in me

Nothing frightens, titillates and thrills like a prescription antidepressant that:

  1. Requires a liver function test before you can take it.
  2. Carries a starkly-worded paragraph about what signs of mania or dementia I should watch out for in myself, in the initial weeks.

I’ll hazard a guess and say that I am probably expected to cloister myself if I do turn crazy, and scream out my bitter demented rage to the walls of my bedroom. World, meet Valdoxan, the fourth antidepressant I’ve been prescribed since May. Valdoxan nips at the heels of Lexapro, Zispin and Lustral, three drugs that haven’t had any perceptible effect on my mood; in reflection of the time I’ve been on the three drugs I’ve come to believe that education about major depressive disorder, coaching myself to avoid the triggers, and micromanaging my moods have done more for my well being. Let’s see, now:

  • Lexapro made every morning feel like I had just come down from an epic binge.
  • Zispin – which I took but once – drugged me into unconsciousness for two days straight.
  • Lustral was/is Zispin-lite. I’ve been asleep for up to fourteen hours at a stretch and experience incredible (ongoing) difficulty in coming awake.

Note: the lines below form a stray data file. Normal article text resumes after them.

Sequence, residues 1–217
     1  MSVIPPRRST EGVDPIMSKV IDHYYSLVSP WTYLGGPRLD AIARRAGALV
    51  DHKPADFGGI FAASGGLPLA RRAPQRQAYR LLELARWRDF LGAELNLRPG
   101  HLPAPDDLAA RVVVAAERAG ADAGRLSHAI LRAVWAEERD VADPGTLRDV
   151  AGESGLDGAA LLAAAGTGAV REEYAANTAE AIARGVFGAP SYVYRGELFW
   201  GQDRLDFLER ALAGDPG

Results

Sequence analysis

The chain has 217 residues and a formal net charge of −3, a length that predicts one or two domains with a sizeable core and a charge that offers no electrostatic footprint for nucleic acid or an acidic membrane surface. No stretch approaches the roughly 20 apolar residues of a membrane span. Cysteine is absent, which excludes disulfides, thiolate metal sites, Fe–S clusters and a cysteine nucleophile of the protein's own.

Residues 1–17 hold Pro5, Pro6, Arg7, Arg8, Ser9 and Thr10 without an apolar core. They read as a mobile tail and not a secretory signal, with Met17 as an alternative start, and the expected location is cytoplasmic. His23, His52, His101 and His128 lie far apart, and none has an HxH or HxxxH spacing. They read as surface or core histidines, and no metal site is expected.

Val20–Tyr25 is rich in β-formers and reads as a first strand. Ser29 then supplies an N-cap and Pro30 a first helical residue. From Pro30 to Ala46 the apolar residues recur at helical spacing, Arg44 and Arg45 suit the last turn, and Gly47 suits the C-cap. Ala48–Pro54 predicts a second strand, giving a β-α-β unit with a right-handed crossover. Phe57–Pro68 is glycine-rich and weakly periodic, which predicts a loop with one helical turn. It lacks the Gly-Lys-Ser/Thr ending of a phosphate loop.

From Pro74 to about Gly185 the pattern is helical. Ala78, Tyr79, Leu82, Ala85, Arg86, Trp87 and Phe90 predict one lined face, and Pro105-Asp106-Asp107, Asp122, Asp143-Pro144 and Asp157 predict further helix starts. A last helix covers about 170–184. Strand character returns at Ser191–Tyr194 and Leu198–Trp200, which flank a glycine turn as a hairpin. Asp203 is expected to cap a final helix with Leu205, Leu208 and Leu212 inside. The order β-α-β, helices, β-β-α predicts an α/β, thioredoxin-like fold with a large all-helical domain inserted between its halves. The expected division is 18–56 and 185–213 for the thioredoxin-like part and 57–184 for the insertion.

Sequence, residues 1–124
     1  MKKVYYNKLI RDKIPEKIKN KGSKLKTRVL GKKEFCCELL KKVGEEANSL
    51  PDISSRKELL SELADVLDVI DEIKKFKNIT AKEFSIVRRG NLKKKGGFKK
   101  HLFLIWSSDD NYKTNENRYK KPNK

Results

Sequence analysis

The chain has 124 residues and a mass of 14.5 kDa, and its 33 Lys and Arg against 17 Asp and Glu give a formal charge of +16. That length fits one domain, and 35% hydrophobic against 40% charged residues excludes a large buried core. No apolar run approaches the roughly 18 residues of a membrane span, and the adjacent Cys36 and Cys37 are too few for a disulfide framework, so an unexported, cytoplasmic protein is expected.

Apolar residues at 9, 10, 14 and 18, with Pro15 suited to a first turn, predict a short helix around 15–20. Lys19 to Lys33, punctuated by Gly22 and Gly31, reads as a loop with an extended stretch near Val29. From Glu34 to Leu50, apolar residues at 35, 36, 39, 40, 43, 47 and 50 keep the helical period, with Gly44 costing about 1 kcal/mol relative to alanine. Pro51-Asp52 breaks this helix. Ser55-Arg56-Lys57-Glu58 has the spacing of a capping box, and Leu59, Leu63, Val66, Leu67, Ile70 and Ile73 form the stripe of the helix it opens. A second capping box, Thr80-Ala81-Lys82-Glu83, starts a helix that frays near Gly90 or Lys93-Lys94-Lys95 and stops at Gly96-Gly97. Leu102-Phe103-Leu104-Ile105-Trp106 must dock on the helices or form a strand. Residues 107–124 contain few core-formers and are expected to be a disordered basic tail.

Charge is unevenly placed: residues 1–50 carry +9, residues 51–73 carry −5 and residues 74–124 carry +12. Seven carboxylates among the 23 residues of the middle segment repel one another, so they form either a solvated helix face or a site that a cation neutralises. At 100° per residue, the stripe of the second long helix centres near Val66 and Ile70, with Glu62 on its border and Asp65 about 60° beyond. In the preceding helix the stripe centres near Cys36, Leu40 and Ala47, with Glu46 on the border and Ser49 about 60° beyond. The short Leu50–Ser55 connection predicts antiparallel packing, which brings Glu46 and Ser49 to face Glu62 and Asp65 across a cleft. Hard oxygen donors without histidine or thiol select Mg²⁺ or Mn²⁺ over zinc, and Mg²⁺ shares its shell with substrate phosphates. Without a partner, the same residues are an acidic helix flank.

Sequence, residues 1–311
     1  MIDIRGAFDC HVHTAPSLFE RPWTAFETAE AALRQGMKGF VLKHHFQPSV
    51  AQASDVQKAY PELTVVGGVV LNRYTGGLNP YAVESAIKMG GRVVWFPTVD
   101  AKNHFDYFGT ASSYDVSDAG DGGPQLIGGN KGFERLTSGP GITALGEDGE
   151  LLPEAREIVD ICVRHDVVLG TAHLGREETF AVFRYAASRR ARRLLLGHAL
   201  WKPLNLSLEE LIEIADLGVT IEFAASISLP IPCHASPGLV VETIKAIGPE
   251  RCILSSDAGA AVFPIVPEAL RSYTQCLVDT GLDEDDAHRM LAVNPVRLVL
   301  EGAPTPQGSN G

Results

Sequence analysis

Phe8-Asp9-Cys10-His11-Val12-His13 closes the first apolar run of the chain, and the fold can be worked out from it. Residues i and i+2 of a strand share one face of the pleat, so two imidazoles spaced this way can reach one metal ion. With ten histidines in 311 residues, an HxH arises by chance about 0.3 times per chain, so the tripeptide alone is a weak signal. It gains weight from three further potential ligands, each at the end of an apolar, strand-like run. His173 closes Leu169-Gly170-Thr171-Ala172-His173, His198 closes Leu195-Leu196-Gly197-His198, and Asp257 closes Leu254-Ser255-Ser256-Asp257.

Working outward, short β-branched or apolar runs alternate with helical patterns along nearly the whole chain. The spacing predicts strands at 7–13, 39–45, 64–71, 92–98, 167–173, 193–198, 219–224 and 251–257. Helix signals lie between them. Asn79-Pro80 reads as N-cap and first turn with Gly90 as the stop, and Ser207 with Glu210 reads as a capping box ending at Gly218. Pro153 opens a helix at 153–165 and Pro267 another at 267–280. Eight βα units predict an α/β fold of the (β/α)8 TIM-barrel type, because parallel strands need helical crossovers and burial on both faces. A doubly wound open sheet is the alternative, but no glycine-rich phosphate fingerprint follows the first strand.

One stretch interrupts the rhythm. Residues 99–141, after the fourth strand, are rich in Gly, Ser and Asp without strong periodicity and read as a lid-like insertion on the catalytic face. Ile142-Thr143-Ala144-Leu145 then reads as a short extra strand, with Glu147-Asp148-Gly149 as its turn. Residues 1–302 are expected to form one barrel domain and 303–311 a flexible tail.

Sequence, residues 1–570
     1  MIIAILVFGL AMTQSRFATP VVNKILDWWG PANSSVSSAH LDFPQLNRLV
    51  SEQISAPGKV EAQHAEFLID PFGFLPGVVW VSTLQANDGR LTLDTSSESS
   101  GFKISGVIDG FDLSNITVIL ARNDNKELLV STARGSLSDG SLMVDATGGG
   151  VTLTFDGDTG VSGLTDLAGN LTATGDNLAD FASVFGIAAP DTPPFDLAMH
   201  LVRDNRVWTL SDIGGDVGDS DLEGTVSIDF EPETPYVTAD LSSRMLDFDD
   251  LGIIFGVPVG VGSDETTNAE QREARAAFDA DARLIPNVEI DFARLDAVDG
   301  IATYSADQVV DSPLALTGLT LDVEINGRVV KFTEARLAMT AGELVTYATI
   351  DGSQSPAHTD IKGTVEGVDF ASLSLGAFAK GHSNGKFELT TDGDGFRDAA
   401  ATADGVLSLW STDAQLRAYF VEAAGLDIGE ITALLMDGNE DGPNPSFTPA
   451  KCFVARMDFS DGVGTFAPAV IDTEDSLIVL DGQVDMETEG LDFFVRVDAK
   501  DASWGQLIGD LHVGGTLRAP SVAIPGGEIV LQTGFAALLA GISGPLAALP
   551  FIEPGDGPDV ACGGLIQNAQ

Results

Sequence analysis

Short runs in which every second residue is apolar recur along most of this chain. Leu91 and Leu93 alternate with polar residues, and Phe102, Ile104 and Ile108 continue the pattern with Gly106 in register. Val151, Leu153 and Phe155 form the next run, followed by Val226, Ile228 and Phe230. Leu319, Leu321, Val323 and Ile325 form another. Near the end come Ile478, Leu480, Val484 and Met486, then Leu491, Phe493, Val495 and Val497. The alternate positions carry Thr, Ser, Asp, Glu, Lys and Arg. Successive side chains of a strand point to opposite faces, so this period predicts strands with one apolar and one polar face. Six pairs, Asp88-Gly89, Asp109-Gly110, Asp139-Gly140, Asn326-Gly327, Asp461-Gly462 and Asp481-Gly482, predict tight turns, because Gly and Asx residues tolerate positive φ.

So apparently I’m hyper-sensitive, for whatever reason, to that portion of a given medication that induces drowsiness. I’ve always been a low-energy person, but I didn’t consciously realize how badly I was being affected until my counsellor pointed out that I should never be in a situation where I feel I have to stop taking my medication because it is so seriously impairing my ability to function. And, yeah, they were impairing my function: I’ve missed more than one important appointment because I was simply unable to wake up, and I’ve declared myself unreliable at 091 Labs because I couldn’t give any guarantee about when I may be awake.

In that spirit: If I vanish off the Earth for a few more days, sorry!

March 20

in me

Happy Dissonance

in me

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